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We’ve seen many examples in class of digital media installations blurring the lines between the real and the virtual worlds. Geocaching, Google Glass, and body movies enhance physical space by providing their participants with digital overlays that reveal hidden information for the purposes of entertainment and education. Modern video games, especially those with rich immersive virtual communities such as World of Warcraft, or those with gesture-based interfaces such as Kinect games, continue to blur the boundaries between physical and virtual space. Wark confronts this tension directly by noting that we are bound to the ‘gamespace’ once we enter it, because we are only able to act in the ways the game creators intended us to act.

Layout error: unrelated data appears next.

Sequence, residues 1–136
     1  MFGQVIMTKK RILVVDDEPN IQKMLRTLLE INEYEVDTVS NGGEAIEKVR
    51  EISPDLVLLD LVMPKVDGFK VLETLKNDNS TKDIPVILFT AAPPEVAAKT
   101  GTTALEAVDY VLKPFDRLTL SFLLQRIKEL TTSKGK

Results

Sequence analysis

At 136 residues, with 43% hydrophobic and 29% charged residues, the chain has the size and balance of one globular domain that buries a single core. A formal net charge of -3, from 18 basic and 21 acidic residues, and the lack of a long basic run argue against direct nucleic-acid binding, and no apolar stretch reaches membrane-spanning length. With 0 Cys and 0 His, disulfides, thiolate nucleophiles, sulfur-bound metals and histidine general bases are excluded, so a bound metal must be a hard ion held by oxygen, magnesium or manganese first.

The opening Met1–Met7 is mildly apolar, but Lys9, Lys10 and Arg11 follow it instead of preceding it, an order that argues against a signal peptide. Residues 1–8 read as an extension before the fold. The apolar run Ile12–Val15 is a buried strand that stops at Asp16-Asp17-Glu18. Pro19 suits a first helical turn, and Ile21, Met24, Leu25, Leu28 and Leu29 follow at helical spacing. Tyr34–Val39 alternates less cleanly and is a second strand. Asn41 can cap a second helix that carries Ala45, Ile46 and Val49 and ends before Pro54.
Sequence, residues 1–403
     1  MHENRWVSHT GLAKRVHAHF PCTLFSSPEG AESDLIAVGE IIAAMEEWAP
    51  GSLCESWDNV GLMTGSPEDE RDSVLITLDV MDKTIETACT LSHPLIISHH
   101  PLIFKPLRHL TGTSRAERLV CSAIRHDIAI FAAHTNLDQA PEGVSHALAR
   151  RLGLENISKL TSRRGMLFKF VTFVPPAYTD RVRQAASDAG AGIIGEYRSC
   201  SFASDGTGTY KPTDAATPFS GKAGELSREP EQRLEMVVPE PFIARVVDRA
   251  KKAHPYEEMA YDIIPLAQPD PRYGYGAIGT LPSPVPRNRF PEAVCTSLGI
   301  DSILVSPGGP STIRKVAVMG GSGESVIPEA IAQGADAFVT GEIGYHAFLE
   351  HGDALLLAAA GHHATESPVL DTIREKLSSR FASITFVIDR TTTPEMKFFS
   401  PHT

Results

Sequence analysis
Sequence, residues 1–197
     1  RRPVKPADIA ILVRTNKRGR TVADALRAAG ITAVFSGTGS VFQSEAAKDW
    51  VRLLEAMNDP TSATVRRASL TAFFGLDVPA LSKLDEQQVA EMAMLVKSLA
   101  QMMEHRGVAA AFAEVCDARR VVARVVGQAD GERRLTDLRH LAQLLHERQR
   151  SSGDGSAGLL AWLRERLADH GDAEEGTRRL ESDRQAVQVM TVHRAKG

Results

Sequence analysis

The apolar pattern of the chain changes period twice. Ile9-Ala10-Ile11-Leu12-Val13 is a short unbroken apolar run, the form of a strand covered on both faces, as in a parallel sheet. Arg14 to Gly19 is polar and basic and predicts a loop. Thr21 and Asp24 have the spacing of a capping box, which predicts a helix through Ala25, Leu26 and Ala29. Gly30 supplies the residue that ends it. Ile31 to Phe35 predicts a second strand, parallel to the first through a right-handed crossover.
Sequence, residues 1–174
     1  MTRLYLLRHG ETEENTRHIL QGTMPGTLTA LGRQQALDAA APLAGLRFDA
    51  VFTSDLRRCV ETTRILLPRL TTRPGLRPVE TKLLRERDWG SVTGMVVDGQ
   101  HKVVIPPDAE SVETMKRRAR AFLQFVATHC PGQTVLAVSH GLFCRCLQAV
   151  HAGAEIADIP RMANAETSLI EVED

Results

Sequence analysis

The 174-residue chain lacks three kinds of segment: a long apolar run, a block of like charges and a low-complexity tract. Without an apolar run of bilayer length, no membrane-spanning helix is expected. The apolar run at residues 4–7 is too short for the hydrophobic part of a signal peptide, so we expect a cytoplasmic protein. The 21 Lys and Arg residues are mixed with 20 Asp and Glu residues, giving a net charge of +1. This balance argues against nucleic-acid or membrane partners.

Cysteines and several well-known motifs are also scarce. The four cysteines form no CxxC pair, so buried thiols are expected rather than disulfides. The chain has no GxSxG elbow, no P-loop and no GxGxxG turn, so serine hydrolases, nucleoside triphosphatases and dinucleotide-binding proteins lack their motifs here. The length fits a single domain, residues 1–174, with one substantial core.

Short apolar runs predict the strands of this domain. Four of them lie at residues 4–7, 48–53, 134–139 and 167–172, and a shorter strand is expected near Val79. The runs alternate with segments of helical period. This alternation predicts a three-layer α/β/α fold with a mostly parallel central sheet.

But games can be switched off. We can disable the virtual overlays leaving only reality to contend with. Games are works of art—the MOMA has video games in its collection on display, including Myst—and as immersive and entertaining they might be, we do not have to participate in gamic culture if we choose not to. I spent many thousands of hours playing first-person shooter games in middle school and high school, but I do not consider them to be as real or more real than any offline aspect of my life. This is not going to change when games completely take over physical space—they are just going to provide us with different types of fun, and appeal to different centers of our brains. The ‘gamespace’ might be all around us but we have the ability to ignore it if we want to, whereas the prisoners in Plato’s cave knew of no other reality.